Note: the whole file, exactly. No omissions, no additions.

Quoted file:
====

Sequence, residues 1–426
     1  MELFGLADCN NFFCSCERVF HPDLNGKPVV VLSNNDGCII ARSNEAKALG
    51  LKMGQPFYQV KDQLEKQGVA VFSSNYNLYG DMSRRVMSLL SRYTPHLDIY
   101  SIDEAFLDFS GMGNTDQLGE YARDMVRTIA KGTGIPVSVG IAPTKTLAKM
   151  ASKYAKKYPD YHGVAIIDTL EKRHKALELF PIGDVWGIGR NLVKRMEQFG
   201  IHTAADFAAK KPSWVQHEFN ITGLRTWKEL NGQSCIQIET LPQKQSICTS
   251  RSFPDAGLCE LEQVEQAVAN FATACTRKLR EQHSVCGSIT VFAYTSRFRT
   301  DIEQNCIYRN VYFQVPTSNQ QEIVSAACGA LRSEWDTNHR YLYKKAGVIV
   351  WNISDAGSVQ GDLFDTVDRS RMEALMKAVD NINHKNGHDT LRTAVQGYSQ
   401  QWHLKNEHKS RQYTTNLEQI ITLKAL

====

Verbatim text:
Sequence, residues 1–426
     1  MELFGLADCN NFFCSCERVF HPDLNGKPVV VLSNNDGCII ARSNEAKALG
    51  LKMGQPFYQV KDQLEKQGVA VFSSNYNLYG DMSRRVMSLL SRYTPHLDIY
   101  SIDEAFLDFS GMGNTDQLGE YARDMVRTIA KGTGIPVSVG IAPTKTLAKM
   151  ASKYAKKYPD YHGVAIIDTL EKRHKALELF PIGDVWGIGR NLVKRMEQFG
   201  IHTAADFAAK KPSWVQHEFN ITGLRTWKEL NGQSCIQIET LPQKQSICTS
   251  RSFPDAGLCE LEQVEQAVAN FATACTRKLR EQHSVCGSIT VFAYTSRFRT
   301  DIEQNCIYRN VYFQVPTSNQ QEIVSAACGA LRSEWDTNHR YLYKKAGVIV
   351  WNISDAGSVQ GDLFDTVDRS RMEALMKAVD NINHKNGHDT LRTAVQGYSQ
   401  QWHLKNEHKS RQYTTNLEQI ITLKAL